Written on the skin: the story of magical tattoos

Written on the skin: the story of magical tattoos

Photo by: Heng Chivoan
Magical tattoos in traditional Cambodia use motifs of animals and ancient scriptures. Tattoo artists invoke prayers before inking the designs on the skin.

Magic happens – just ask Phnom Penh tattooist Chan Tra. The 47-year-old is one of the few Cambodian artists still able to ink magical designs on customers.

Before taking to the needle, however, he needs to pray in the ancient Pali language, the traditional language of Theravada Buddhist scripts across much of southeast Asia.

“It depends on our belief. If we believe that a tattoo is magical, it will have a supernatural force to protect us. But if we don’t believe that it has magic, it won’t show us its mysterious power at all,” says Chan Tra, whose customers also include foreigners.

However, his overseas clients tend to prefer decorative images such as temples, buildings or flags, he explains, while his main clientele for magic tattoos are Cambodian.

These normally feature pictures of animals such as tigers, along with scripts written in Pali, an ancient cousin of Sanskrit often used to communicate Buddhist texts.

First Chan Tra prays and calls for magic to be transferred to the skin of his customer, before taking out his needles. Many people believe that magic tattoos will help protect them from harm such as disease, snake bites or bullets, he says.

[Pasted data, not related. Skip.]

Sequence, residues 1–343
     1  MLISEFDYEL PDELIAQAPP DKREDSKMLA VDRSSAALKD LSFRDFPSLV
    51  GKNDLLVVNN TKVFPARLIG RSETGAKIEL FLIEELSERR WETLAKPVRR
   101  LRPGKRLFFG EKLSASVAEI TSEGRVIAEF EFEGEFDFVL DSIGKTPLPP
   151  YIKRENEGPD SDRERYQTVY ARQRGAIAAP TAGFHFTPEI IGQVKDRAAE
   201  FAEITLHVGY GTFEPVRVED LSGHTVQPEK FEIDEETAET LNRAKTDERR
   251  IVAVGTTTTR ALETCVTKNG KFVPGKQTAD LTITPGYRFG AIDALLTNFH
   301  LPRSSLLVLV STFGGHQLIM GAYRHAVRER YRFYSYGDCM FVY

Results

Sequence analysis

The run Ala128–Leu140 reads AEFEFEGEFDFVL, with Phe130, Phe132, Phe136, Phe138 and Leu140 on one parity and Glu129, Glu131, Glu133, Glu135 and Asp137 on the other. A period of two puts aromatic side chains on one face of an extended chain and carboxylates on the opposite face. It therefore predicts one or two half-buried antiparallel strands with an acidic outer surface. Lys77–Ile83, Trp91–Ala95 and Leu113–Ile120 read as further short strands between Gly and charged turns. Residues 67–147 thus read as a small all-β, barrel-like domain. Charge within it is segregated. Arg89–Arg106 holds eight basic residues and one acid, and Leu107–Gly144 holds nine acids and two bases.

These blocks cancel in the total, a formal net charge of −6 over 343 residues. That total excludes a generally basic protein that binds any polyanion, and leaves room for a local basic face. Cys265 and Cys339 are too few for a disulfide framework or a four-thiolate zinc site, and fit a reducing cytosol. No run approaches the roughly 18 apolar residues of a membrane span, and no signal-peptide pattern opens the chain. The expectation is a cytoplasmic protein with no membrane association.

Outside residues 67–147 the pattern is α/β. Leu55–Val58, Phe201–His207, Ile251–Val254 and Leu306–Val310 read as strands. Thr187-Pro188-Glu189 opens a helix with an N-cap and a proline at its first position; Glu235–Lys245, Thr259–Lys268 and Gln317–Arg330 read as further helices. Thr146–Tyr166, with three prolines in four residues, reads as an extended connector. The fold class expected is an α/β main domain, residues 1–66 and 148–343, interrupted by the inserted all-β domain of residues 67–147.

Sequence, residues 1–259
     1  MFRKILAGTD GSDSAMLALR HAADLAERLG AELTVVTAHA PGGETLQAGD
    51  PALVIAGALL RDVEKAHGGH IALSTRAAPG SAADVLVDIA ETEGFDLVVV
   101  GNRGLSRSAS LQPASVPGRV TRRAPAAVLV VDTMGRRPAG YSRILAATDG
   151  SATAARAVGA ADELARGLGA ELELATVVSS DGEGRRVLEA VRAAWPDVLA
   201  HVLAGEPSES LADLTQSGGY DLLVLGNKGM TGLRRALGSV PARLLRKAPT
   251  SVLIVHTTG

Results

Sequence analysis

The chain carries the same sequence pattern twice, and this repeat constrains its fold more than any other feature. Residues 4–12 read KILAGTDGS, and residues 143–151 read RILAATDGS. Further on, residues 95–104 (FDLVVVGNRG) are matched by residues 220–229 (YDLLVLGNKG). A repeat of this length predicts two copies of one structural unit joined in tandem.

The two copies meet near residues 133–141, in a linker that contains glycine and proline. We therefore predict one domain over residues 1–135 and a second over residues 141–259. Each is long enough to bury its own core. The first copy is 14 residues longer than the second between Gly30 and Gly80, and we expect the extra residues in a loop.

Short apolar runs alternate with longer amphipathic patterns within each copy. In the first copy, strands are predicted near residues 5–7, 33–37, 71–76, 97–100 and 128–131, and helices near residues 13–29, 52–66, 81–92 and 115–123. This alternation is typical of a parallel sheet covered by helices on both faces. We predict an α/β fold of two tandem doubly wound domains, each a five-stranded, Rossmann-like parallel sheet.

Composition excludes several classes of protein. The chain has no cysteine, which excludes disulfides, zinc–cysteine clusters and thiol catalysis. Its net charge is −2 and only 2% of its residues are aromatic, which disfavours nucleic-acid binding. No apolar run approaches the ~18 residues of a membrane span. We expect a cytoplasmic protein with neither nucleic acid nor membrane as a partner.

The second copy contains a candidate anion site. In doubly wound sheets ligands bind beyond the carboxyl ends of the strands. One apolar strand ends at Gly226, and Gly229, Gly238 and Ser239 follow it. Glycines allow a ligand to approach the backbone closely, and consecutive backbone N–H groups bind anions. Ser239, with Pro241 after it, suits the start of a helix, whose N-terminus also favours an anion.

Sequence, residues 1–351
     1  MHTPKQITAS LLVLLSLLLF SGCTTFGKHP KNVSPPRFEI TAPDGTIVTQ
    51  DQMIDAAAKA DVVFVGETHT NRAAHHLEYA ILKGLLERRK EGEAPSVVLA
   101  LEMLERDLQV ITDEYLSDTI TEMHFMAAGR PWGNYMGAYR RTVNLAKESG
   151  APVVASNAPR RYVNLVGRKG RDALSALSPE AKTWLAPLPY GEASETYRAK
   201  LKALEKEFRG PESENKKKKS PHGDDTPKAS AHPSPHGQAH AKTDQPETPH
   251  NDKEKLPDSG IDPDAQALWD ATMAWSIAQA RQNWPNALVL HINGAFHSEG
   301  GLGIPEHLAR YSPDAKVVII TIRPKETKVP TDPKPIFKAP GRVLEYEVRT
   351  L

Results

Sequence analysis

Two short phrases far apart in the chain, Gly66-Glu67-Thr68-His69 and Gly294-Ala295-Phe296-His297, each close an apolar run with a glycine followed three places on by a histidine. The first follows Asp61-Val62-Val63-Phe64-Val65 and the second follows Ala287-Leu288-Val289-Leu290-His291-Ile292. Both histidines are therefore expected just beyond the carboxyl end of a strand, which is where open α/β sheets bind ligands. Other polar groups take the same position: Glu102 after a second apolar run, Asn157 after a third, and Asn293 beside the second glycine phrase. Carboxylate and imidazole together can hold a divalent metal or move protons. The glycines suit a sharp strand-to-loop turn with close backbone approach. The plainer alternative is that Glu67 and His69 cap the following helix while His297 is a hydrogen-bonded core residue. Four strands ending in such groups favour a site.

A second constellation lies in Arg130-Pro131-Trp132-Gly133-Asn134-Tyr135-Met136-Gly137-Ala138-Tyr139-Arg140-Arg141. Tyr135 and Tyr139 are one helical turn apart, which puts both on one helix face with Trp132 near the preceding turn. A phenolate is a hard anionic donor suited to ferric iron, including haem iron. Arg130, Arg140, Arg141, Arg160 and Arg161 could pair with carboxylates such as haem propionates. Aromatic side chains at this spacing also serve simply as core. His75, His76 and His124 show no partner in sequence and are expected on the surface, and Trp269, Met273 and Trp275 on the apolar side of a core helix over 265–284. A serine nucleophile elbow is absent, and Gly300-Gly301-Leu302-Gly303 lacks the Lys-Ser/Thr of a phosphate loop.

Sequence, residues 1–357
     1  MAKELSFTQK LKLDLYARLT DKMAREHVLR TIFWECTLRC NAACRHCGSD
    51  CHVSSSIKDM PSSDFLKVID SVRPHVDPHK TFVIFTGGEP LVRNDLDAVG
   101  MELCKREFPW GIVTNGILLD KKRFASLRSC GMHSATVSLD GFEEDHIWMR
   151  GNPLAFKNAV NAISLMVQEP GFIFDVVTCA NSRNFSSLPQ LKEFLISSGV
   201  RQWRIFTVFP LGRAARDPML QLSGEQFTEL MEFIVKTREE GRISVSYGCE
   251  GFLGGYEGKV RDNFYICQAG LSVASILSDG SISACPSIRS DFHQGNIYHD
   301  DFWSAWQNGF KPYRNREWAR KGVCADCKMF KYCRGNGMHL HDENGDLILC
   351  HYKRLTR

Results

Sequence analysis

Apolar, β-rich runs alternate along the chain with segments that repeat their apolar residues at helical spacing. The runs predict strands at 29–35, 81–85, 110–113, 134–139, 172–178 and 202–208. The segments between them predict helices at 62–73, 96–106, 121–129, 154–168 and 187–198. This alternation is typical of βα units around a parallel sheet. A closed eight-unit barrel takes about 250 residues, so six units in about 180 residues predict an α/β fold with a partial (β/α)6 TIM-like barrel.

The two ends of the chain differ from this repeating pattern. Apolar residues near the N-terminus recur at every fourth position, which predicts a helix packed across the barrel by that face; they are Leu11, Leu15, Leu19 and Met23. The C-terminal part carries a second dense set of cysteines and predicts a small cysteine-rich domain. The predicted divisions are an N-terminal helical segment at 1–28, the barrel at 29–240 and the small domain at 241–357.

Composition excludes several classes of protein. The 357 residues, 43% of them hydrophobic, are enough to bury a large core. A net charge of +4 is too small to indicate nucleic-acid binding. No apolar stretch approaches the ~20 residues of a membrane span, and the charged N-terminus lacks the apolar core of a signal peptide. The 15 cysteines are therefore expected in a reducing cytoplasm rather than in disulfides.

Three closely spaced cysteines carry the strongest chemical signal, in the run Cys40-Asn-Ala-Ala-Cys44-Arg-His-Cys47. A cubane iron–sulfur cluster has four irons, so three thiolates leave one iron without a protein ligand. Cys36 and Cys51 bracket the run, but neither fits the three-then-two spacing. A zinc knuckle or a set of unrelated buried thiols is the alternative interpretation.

A similar belief is shared by many Thai people – soldiers of both countries fighting at recent border spats are often tattooed with similar motifs and words to protect them.

Cheymongkol Sokchensry, president of the Khmer Culture Association in Surin, Thailand, says that Thai tattoos feature the same images as Khmer traditional designs of large animals and Pali scriptures.

“They also believe in magic tattoos,” he says.

Professor Soeung Phos, who teaches Pali and Sanskrit to students at the Royal University of Phnom Penh, says the Pali language entered Cambodia in the 13th or 14th century, along with the spread of Theravada Buddhism.

Pali was used to record the Buddha’s teachings, he says. “After Buddhism and the Pali language entered Cambodia, people began to learn Pali instead of Sanskrit. And because people really believed in Buddhism, they even thought that Buddha’s words would become magical if they tattooed them on their skin,” says the professor.

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